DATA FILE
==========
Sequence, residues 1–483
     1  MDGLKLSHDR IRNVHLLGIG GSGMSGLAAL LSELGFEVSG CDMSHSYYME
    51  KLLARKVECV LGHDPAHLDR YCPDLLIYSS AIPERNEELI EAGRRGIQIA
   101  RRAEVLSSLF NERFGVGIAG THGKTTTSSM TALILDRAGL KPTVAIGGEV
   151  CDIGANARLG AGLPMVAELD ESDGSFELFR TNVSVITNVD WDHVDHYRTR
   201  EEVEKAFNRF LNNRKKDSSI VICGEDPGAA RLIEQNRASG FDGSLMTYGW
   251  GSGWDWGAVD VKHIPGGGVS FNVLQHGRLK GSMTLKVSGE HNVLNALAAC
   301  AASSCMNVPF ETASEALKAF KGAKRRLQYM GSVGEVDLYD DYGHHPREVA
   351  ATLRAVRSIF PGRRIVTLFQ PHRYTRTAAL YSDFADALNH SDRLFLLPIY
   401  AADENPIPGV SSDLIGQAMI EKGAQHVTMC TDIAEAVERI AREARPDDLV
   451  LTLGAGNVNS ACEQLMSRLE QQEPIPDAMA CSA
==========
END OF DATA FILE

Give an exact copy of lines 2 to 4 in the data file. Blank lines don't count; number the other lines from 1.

     1  MDGLKLSHDR IRNVHLLGIG GSGMSGLAAL LSELGFEVSG CDMSHSYYME
    51  KLLARKVECV LGHDPAHLDR YCPDLLIYSS AIPERNEELI EAGRRGIQIA
   101  RRAEVLSSLF NERFGVGIAG THGKTTTSSM TALILDRAGL KPTVAIGGEV